Edelrid Attila Tec Axe
The Attila Tec mountaineering axe features a fold-out grip rest and a plastic head grip. But how well do these additions stand up to the rigours of winter mountain use? Tom Ripley soon finds out.
Considering I work in the outdoor industry I thought it would be relatively simple to get the conditions to review an ice axe. How wrong could I be? The Ronin Ice Axe has been travelling with me throughout Scotland this winter. Unfortunately, due to high winds whilst working, this has been on a lot of low level camping expeditions or trudging through soft wet snow on the tops. It has, however, been effortless to carry such a lightweight axe and its curved tubular shaft makes it more comfortable to store down the back than a straight shaft meaning it is always there for immediate use.
Fickle weather and bad timing on my part meant that we had some terrible conditions for testing out the axe. One memorable day saw us trudging through steep snow en route up Ben Wyvis. The wind had moved to the west and instead of the expected wind scoured slopes the higher temperatures were quickly melting the snow. We decided to put the axe through its paces nevertheless and sought out some crags and slopes to have a play on.
"...On grade one ground and low level mountaineering routes this axe comes into its own..."
When going up steep slopes it was simple to plunge. I was testing out a 70cm axe, which is much longer than my 5ft 4 frame would normally use (it's also available in a 60cm length), but I did discover that I would be more likely to put a walking pole away early and use the axe as I was not bent over double when going uphill.
On grade one ground and low level mountaineering routes this axe comes into its own as the curved shaft gives good clearance when the ground is steeper and combined with a substantial adze makes fighting one's way through a cornice, not quite pleasant, but certainly a little easier.
An amusing half hour was spent trying to set up conditions to do some ice axe arresting and the axe was very useful for digging out a trench, unfortunately the amount of water in the snow meant it was impossible to slide anywhere but again the curve in the shaft made it easier to end up in the proper position.
"...Blizzard conditions: perfect for building emergency shelters we thought and certainly the adze was very effective in clearing snow..."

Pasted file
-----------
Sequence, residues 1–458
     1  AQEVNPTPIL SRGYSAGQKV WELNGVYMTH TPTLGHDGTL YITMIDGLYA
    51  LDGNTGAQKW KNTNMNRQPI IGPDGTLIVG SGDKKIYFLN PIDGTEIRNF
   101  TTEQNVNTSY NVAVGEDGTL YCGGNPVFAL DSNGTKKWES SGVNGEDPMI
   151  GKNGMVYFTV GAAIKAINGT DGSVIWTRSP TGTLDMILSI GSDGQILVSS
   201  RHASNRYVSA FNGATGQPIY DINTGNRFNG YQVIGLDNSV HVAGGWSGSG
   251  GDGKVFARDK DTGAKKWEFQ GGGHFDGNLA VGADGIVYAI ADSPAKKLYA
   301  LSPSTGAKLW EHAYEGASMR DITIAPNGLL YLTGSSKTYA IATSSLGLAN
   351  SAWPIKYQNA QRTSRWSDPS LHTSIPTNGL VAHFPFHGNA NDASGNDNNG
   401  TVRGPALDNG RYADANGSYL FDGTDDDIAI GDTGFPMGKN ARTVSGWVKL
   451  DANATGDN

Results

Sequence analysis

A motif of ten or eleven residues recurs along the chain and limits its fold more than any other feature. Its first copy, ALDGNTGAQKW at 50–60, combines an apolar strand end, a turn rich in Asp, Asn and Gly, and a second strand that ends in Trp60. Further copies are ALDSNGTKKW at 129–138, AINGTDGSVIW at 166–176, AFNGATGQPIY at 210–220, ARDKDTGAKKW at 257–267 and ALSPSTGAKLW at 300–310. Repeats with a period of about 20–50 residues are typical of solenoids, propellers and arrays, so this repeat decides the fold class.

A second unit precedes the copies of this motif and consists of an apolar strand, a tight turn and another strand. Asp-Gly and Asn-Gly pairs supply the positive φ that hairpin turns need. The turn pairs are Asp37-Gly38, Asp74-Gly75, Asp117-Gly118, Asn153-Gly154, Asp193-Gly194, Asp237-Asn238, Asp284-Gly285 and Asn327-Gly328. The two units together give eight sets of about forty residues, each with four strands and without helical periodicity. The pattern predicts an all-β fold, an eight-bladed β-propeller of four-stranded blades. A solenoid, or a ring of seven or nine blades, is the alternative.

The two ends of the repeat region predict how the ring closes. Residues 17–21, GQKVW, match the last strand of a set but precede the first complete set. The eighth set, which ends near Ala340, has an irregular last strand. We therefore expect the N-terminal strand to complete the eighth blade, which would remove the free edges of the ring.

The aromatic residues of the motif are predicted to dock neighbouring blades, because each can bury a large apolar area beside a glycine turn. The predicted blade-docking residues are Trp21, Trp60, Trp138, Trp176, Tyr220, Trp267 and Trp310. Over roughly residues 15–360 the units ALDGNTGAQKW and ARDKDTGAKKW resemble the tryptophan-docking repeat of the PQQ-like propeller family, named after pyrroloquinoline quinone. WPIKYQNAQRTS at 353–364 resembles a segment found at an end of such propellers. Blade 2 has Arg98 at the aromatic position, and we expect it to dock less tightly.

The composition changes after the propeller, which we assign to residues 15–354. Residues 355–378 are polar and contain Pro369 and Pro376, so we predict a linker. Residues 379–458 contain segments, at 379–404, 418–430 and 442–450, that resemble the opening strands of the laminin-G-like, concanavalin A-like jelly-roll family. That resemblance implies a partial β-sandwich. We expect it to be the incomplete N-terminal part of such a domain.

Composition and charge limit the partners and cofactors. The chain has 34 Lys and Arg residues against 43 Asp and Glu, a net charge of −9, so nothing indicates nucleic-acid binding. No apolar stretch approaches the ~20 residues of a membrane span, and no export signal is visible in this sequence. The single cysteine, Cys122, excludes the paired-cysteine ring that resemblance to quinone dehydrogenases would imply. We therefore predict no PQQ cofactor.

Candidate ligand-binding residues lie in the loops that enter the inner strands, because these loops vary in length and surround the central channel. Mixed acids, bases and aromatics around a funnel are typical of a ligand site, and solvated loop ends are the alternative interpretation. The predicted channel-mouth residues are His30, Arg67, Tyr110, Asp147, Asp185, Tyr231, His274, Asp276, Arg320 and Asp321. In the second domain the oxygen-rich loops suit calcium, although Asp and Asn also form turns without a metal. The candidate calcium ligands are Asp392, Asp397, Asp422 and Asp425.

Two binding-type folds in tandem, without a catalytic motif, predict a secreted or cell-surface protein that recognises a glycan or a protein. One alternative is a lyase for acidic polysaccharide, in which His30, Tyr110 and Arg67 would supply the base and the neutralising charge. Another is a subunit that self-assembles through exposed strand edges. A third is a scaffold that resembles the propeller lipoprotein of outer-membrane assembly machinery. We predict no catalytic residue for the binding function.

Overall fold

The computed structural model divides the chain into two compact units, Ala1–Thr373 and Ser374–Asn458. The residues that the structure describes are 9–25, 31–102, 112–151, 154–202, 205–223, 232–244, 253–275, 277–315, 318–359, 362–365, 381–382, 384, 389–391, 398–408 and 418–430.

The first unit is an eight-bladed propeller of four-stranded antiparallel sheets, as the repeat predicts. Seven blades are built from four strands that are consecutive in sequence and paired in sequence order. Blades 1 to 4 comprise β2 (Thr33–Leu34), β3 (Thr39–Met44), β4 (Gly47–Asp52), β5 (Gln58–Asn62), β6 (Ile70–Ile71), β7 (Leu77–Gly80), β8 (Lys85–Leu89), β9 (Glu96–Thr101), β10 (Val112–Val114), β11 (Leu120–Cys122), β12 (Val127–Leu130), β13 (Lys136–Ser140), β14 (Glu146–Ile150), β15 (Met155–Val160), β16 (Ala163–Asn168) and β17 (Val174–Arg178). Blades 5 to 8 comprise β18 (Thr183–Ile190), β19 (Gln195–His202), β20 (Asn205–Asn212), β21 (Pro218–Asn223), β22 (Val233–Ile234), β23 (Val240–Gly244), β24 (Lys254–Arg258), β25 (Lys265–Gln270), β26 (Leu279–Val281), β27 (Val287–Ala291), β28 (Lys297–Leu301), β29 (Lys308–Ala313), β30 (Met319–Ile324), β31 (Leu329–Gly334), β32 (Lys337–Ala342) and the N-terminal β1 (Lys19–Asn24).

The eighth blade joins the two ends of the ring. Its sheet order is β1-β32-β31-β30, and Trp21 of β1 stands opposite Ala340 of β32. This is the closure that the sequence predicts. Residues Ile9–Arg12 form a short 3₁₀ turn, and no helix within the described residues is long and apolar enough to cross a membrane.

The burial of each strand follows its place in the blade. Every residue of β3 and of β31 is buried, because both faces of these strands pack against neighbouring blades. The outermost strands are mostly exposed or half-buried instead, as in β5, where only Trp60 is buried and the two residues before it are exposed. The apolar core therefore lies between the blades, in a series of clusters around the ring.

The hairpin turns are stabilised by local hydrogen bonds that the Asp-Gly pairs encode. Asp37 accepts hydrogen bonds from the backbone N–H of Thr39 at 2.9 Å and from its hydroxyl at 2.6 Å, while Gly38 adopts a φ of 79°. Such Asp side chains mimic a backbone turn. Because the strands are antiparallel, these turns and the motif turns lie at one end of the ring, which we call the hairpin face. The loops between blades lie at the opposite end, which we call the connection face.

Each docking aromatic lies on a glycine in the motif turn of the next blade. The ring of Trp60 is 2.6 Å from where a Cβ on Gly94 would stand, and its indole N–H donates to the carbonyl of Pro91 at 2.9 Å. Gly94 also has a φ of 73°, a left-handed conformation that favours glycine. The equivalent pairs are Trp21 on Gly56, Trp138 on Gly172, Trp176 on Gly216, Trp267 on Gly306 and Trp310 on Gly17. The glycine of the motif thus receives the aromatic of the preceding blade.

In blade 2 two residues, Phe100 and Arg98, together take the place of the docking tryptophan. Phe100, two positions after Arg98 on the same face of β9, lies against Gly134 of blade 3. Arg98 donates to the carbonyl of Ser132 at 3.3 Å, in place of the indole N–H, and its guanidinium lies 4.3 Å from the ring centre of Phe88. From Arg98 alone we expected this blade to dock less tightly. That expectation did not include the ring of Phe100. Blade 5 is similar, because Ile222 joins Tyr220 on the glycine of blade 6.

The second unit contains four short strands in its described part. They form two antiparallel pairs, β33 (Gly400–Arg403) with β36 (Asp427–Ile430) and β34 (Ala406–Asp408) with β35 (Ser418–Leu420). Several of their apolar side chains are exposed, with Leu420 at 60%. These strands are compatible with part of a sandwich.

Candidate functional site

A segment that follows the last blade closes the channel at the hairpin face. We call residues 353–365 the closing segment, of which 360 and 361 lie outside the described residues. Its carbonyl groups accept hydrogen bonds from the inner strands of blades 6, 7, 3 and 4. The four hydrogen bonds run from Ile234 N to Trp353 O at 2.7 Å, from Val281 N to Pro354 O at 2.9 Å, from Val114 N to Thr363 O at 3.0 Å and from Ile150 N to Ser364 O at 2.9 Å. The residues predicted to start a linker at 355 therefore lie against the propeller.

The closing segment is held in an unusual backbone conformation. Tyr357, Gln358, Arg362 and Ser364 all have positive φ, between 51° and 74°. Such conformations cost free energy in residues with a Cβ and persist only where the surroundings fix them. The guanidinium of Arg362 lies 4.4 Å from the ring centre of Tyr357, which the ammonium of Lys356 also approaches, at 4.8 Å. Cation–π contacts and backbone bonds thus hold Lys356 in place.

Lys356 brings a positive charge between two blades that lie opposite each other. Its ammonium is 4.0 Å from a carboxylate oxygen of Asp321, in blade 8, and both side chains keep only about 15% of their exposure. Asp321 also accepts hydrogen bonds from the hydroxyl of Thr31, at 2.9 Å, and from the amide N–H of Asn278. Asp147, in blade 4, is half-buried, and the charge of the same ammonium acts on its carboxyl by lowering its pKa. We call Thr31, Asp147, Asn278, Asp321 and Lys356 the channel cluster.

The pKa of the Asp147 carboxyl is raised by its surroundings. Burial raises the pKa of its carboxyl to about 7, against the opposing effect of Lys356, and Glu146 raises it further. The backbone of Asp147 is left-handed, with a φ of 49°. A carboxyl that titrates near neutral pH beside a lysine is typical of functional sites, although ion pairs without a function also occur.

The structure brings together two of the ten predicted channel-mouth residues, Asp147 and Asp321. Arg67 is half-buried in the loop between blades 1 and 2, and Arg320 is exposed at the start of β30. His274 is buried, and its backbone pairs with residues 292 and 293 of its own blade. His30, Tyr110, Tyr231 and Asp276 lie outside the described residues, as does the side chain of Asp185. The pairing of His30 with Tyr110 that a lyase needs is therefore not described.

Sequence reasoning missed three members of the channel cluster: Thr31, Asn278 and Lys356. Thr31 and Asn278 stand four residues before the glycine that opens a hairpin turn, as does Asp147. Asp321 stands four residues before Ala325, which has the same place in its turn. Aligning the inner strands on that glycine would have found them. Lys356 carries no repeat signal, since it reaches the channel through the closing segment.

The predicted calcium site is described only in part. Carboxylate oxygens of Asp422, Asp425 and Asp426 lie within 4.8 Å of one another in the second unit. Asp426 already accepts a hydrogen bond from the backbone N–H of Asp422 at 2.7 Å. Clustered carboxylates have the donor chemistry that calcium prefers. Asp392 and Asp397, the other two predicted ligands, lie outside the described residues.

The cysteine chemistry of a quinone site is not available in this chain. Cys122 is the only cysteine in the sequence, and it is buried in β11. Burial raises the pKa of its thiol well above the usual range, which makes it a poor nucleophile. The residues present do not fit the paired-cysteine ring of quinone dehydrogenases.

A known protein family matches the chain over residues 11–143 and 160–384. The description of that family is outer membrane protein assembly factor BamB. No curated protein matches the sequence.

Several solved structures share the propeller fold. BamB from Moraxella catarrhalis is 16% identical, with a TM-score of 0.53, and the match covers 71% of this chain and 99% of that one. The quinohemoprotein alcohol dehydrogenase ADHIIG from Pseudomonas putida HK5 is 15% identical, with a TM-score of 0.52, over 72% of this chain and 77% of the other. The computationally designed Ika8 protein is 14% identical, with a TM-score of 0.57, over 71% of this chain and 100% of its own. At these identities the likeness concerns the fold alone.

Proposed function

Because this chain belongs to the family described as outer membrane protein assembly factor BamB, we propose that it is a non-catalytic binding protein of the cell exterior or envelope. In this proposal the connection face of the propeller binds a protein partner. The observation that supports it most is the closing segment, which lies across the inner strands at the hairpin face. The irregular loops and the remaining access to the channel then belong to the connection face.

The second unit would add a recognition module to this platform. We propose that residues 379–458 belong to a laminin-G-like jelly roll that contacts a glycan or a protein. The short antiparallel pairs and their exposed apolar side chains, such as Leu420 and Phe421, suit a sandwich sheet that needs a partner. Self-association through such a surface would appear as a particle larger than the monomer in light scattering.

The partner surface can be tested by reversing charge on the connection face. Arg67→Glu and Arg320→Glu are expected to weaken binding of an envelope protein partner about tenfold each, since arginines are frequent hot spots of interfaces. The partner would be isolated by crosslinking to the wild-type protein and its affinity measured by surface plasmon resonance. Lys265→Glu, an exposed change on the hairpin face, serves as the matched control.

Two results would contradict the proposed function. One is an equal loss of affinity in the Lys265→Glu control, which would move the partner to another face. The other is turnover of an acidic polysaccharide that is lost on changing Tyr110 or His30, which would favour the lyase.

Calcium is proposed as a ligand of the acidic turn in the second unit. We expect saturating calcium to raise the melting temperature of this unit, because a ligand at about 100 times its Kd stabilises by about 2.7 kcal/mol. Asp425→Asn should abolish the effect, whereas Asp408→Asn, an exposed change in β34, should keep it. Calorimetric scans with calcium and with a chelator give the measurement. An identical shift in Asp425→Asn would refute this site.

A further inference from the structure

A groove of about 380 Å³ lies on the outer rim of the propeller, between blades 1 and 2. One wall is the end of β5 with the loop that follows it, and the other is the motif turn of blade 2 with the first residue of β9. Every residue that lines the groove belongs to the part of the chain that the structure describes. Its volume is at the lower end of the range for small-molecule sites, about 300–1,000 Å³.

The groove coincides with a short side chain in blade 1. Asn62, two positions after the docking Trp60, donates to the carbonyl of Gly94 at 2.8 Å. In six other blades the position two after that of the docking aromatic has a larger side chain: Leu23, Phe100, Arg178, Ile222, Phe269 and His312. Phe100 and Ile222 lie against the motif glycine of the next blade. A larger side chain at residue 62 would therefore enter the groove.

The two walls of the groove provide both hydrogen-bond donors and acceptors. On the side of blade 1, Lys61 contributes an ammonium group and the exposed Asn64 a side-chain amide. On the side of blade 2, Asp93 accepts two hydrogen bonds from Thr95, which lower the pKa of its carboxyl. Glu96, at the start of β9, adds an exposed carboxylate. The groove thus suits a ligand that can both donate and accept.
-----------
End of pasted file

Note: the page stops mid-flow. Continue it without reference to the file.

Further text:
The Ronin is a classic ice axe for glacier tours and general mountaineering. It has a hardened steel pick and (21°) curved tubular shaft to ensure penetration and precise placement on hard snow and ice. Its wide adze is ideal for cutting steps and the ergonomically-formed head makes for smooth plunging on the uphill. Optional modular adjustable finger rest and wrist loop. Leash included.
60 cm / 70 cm
510 g / 550 g
Another day when the winds were barring access to the Cairngorm Plateau we went searching for some lovely, crisp neve on Meall a Buachille. This time conditions were more blizzard than sunshine and blue skies – perfect for building emergency shelters we thought and certainly the adze was very effective in clearing snow but the snow was too soft for us to have a cosy lunch stop in a nice warm cave.
We did have a go at step cutting and I found the curve in the axe helped give a lovely swing. We did not have really hard conditions underfoot to test the ice cutting abilities but the axe has enough weight in the head for its cut to be substantial.
Unfortunately the ice axe was not tested out in ideal conditions but it is so light and unobtrusive I did not mind carrying it with me. I like this axe and would definitely use it although one drawback for me is the lack of a rubber grip. Holding metal, even through good gloves on a cold winters day can at best be uncomfortable.
Lorraine's day job is in the hills, running walking holidays for tour company Wilderness Scotland in summer and winter, and doing development training work for the Living Wild project of the Venture Trust. Mainly based in Scotland, she's also guided walks in the Atlas mountains, China, Tibet, Nepal and Kilimanjaro.
"I love journeying by land and sea and worked for five years on board a sail training vessel (an old gaff rigg schooner) mainly off the northwest coast of Scotland which must be one of the world's top sailing grounds. I raised some money for this boat (Spirit of Fairbridge) when doing my walk (see article linked below). I also love sea kayaking and sometimes act as an assistant guide on kayaking trips. I do a bit of climbing - prefer winter to summer, but never get very good because I do not train. One of my best memories was climbing the Orion Face in really wild conditions where the whole mountain seemed to be rushing down as we were moving up; feeling very small but part of something much bigger teetering across the ice fields in the middle of this big face. But my first love is probably disappearing on multi day trips with a backpack."